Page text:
Making an Impact
Four men. Four lives in football. Four futures still left to play.
(page 8 of 9)
Looking Back, Looking Ahead
When Mike Meade looks at today’s NFL salaries, one thought pops into his head: “Envious. You can’t use any other word.”
In 1982 the Green Bay Packers drafted Meade, a fullback, in the fifth round, and signed him for $100,000. Adjusted for inflation, he says, that’s about $200,000 today.
“In my four-year career,” Meade says, “I wouldn’t have made as much as I would’ve made today just by being drafted in the same position.” He’s probably right. The 2009 rookie minimum salary is $310,000. The minimum for a four-year veteran, $620,000.
Meade may be a tad envious, but he has no regrets. From his spacious home in Dover, he leads a Norman Rockwellian life full of family and friends. He dotes on Gloria, his wife of 24 years, a microbiologist with the USDA; his daughter Jasmine, who is about to enter Brown University; and his 12-year-old son, J. R., who has some of his father’s athleticism.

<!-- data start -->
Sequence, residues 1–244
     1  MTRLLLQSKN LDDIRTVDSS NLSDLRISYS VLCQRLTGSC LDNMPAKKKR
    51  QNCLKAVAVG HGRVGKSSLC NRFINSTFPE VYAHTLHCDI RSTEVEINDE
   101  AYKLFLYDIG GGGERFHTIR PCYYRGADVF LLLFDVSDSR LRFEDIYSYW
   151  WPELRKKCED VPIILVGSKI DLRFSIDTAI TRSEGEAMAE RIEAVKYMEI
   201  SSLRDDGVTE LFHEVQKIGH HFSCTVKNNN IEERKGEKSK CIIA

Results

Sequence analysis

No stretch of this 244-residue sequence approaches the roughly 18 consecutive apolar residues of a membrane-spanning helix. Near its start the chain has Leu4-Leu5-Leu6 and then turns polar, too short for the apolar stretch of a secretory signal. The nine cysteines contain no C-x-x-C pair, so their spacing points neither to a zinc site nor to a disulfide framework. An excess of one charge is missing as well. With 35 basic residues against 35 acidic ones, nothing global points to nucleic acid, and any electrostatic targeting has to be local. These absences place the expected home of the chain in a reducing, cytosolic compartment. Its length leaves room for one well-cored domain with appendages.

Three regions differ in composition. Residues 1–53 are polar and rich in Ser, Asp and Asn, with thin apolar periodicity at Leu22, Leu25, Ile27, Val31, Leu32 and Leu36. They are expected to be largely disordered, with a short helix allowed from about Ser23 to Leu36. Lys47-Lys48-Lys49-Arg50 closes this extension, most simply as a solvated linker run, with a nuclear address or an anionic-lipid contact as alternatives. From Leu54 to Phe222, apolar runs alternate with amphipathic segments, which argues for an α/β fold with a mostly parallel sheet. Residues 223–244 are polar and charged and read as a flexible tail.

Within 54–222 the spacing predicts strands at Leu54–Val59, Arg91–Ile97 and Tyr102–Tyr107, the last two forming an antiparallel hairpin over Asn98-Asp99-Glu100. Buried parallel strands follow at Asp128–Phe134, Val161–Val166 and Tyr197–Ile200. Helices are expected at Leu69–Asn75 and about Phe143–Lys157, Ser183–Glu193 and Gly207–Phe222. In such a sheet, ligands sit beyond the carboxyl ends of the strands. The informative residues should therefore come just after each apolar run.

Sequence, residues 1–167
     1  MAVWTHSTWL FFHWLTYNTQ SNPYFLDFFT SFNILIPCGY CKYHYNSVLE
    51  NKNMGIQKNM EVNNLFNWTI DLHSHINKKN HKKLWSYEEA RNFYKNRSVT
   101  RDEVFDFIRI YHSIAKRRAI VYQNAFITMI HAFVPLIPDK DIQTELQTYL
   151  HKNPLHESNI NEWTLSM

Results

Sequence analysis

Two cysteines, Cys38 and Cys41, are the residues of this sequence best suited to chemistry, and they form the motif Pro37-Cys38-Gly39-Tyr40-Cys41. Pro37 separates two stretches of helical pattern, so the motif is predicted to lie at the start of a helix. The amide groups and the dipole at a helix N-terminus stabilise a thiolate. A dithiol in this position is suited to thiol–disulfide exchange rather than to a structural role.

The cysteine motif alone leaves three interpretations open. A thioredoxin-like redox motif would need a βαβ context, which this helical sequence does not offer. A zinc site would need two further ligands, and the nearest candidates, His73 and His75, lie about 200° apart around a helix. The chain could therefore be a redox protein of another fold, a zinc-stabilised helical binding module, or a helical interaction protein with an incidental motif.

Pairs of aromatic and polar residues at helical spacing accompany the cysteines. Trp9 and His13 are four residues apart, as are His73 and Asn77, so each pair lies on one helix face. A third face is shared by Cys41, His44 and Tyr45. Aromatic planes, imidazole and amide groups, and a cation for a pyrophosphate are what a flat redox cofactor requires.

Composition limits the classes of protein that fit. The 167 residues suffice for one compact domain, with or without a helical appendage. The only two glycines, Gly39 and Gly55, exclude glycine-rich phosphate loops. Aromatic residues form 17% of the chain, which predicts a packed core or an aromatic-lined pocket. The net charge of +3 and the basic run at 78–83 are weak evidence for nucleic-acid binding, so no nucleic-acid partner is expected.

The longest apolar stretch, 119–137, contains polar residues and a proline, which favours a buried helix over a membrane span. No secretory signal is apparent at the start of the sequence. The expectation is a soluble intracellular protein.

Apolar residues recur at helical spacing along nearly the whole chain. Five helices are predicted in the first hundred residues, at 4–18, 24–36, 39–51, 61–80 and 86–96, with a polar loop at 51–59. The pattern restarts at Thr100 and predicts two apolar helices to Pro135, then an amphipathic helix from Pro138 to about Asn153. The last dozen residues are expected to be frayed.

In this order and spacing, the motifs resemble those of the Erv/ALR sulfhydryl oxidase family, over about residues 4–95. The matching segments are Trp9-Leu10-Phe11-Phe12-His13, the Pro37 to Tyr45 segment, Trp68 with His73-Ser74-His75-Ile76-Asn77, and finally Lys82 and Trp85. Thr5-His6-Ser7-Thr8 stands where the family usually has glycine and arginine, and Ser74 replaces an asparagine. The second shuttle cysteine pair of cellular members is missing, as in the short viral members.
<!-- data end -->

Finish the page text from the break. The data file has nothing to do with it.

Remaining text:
By his senior year at Dover High, Meade was something of a local legend. A combination of size (6 feet, 230 pounds) and speed (4.5 in the 40) made him a top prospect. He also had excellent grades and SAT scores, and academics were a priority for him when he visited Stanford, Notre Dame, Michigan and Penn State.
He paid special attention to the African-American athletes he met on each campus. “I tried to determine through conversations what percentage of them would be in college if they couldn’t play ball,” he says. “At Stanford, of course, it was 100 percent. At Notre Dame it was high, but it wasn’t all of them.” At Penn State, the one player he had doubts about turned out to be a good student and his best friend.
Once he arrived on campus, Meade discovered everything in his world had suddenly become exponentially bigger—the players, the coaching staff and the classes. “In my first class—8 a.m. calculus—there must have been 350 students in this huge auditorium.”
Page 9: Looking Back, Looking Ahead, continues...